Ball State University has recently hired a controversial new professor for their astronomy department. Guillermo Gonzalez, the new professor, is a well-known proponent of the theory of intelligent design. He had previously taught at Iowa State University, but was denied tenure because of his views. This is contemptible. Regardless of whether or not someone believes in intelligent design, atheistic evolution, or pure creationism, a professor's appointment should exclusively involve the professor's relationship to academia and his or her field of study. Ball State made the prudent decision in hiring Gonzalez because he is qualified and academically competent in the fields of astrophysics and astrobiology.
Gonzalez has received grants from NASA and the National Science Foundation, among others for his work and research. In addition to having a Ph.D. in astronomy, he has also published at least 75 peer-reviewed articles. There is little else a professor of astronomy needs to do to prove himself competent. All human beings have proclivities that go beyond their daily work. For some, these take larger pieces of time and thought than others. Just because Gonzalez has spent time on intelligent design does not disqualify him from his other work.
Opponents of his hiring understandably want to preserve the separation of church and state and prevent an religious seep into academic astronomy. Intelligent design, because of its lack of evidence and creationist roots, is the reason for controversy. Critics level complaints that it is essentially a reworked version of creationism that seems easier to swallow intellectually. Creationism should be kept out of the classroom, as decided in Kitzmiller vs. Dover Area School District. Students of higher education should also, however, maintain the cognitive ability to differentiate between theory and fact.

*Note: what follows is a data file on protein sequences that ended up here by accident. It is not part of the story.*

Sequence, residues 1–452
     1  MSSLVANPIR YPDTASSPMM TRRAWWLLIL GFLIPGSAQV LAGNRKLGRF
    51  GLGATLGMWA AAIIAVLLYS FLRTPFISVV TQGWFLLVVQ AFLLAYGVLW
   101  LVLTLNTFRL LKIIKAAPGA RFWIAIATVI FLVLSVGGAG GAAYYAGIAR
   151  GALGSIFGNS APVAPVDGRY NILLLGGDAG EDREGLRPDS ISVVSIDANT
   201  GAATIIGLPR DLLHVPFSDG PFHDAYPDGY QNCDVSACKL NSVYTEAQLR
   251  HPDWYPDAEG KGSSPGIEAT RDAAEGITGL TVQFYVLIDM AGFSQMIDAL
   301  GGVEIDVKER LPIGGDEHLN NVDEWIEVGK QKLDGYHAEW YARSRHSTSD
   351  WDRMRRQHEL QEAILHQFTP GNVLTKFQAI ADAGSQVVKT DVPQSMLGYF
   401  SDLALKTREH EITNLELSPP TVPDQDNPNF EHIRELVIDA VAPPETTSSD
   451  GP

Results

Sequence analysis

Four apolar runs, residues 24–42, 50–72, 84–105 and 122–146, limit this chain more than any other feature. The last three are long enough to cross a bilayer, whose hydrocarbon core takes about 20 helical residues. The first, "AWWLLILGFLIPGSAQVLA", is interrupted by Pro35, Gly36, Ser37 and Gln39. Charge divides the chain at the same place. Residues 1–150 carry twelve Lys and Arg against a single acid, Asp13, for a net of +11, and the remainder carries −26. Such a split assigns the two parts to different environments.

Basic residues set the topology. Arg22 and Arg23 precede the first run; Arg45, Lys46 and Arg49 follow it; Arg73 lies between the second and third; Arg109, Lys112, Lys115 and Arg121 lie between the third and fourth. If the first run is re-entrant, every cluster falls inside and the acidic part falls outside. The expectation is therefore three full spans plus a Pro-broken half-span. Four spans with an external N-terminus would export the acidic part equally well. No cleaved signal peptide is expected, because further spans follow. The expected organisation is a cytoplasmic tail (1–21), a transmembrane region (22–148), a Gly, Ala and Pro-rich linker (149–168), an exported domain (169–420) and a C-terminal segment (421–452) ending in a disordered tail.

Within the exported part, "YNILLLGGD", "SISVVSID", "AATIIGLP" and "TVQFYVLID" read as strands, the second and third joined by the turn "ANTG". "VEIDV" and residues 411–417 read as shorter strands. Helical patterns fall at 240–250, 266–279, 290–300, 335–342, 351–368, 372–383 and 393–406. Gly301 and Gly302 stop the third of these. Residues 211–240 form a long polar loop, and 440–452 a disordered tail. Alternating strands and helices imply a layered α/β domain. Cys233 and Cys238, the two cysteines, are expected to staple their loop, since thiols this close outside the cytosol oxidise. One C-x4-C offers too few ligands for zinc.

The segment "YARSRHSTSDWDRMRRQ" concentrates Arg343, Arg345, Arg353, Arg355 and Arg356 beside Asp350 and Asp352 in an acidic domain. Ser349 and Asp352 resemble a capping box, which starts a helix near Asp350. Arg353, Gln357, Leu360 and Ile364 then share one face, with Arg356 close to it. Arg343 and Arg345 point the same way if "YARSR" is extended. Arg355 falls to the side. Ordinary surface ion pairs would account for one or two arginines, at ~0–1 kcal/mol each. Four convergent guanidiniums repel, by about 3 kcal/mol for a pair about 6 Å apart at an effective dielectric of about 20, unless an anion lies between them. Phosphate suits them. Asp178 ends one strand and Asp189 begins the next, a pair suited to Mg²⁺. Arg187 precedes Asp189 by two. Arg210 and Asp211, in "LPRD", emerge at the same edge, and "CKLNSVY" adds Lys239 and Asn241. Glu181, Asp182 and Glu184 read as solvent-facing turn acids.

Intelligent design should not just be overlooked as a complete fallacy, though. William Paley's watchmaker analogy (worth a read) or Aquinas' Five Ways, two of the predecessors to the intelligent design theory, are thoughtful, though still certainly not definite versions of the teleological argument. They are relevant and still read today because they answer a question that evolution does not give great thought: the origin of life. Although Paley's or Aquinas's teleological arguments are not scientific, observational conclusions, they are still theories worth exploring regardless of religious background. Difference in background and discussion provoking ideas are part of what makes higher education worthwhile.
It is also important to remember that evolution is still a theory. Evidence is certainly surmounting in its favor, but no human alive has actually observed the whole process. This theory does seem the most likely and is the generally-accepted explanation among scientists for species development. Atheistic evolution falls short, though, in explaining how life began. Spontaneous life lacks just as much evidence as alternative theories.
Finally, evolution and intelligent design is not terribly relevant to astronomy or astrophysics. It is reasonable to expect that Gonzalez will keep discussion of either theory out of his classes at Ball State. Perhaps the university will ask him to explore his theories in a non-astronomy class setting, in which case he offers additional value as a faculty member.